I have decided to go slightly off-topic today. It is somewhat ironic that I post this on the day the UK goes into virtual lockdown, but last week (Monday, 16th March) marked five years since I began working for the University of Bristol.
It has been an amazing ride, and I have changed so much as a person, learning an enormous array of skills and getting to know – and be friends with – a great number of wonderful people.
For some context, before I started working for the university it felt like my life was going nowhere. I had no confidence; no self-esteem; very little ability to communicate with others. I guess that I was quite clever, but all I really had was my writing.
It was a rainy day in late February 2015 when I arrived at the Clinical Research and Imaging Centre (CRIC) at the University of Bristol for an interview, having applied for an apprenticeship in Business Administration. This was my seventh such interview and I had grown more confident with each one, and it turned out to be a case of lucky number seven.
I instinctively knew then that it was the right place for me. I performed well in the interview, and luckily was offered the role a few days later. When I started, working on a reception desk was a bit frightening as I was quite anxious to speak to anyone. It was even worse on the phone, but gradually I eased myself into it with the help of very supportive colleagues. Before long, I was enjoying it immensely and was looking forward to work each day.
CRICBristol was an extremely interesting place to work, with all the clinical research studies that were taking place around me. The projects focused on a wide range of things, such as neuroscience, blood pressure, dementia, sleep, nutrition, and pain. The centre includes an MRI scanner and a sleep study suite, and I was heavily involved in its smooth running.
My role was quite varied; as well as reception duties I performed tasks such as collecting statistical data, managing events, overseeing the website and social media, and acting as the main contact for the facility booking system. In addition to that, I had my apprenticeship course to complete.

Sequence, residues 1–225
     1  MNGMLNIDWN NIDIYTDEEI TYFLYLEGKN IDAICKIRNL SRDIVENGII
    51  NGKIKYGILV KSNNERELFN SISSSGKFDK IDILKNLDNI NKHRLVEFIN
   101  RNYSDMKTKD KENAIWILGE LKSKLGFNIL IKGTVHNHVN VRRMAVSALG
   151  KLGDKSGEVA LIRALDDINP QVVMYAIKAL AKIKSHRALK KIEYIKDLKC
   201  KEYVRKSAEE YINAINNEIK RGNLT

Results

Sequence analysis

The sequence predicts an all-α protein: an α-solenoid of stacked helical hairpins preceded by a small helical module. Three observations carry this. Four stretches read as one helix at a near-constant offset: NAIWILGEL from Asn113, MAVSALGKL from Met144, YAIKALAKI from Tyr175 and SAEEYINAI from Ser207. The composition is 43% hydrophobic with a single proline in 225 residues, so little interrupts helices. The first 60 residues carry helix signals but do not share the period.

The one sad thing was that I knew I would have to leave at the end of my fixed term contract, but as I searched for a new job I never considered leaving the university, as I absolutely loved the environment. It is an organisation where near enough everyone treats others with courtesy and it would have been painful to go elsewhere.
I was eventually successful for a role in the School of Arts, which I began at the start of October 2017. At the end of my time at CRICBristol I had completed two apprenticeships, gained an indescribable amount of valuable experience, and made some very close friends. It kind of opened my eyes to the world, and I became a better person along the way.
That has continued in the School of Arts, where I have remained ever since. It was quite daunting there to begin with, because I had to get used to working in an office with a larger group of people, the various processes that applied at school level, and understanding the needs of staff and students in five different departments – Anthropology and Archaeology, Philosophy, Theatre, Film and Television, and Music.
I am the first point of contact for students, my role again extends widely. Web and social media is one of the areas that I am probably best at, and I have had to work hard on improving that since I joined Arts – a long process! My favourite part of the job is working on Open Days and similar events. Having joined the university feeling hesitant to speak to anyone, I have grown to love the interaction that this brings.
Not every day is a good day, but one thing I do know is that I am exceptionally grateful to work for the University of Bristol. In the last five years it has given me the sense of belonging that I did not have before. I may not stay there forever, but at the moment it hard to imagine working full-time somewhere else. I have made a lot of great memories, and I hope there will be many more ahead.